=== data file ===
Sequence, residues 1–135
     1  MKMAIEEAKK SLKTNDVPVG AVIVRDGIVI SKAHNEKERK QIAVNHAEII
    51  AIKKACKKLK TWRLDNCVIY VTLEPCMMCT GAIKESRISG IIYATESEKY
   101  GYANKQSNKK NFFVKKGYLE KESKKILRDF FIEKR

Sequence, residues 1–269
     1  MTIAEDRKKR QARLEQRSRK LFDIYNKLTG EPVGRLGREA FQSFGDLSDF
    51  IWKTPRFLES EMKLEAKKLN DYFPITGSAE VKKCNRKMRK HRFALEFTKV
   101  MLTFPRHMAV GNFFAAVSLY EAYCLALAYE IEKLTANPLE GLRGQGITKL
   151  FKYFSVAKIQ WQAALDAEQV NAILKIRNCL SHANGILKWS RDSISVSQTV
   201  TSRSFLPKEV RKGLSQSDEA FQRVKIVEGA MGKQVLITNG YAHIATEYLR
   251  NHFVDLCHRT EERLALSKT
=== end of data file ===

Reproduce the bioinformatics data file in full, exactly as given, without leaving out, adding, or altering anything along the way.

Sequence, residues 1–135
     1  MKMAIEEAKK SLKTNDVPVG AVIVRDGIVI SKAHNEKERK QIAVNHAEII
    51  AIKKACKKLK TWRLDNCVIY VTLEPCMMCT GAIKESRISG IIYATESEKY
   101  GYANKQSNKK NFFVKKGYLE KESKKILRDF FIEKR

Sequence, residues 1–269
     1  MTIAEDRKKR QARLEQRSRK LFDIYNKLTG EPVGRLGREA FQSFGDLSDF
    51  IWKTPRFLES EMKLEAKKLN DYFPITGSAE VKKCNRKMRK HRFALEFTKV
   101  MLTFPRHMAV GNFFAAVSLY EAYCLALAYE IEKLTANPLE GLRGQGITKL
   151  FKYFSVAKIQ WQAALDAEQV NAILKIRNCL SHANGILKWS RDSISVSQTV
   201  TSRSFLPKEV RKGLSQSDEA FQRVKIVEGA MGKQVLITNG YAHIATEYLR
   251  NHFVDLCHRT EERLALSKT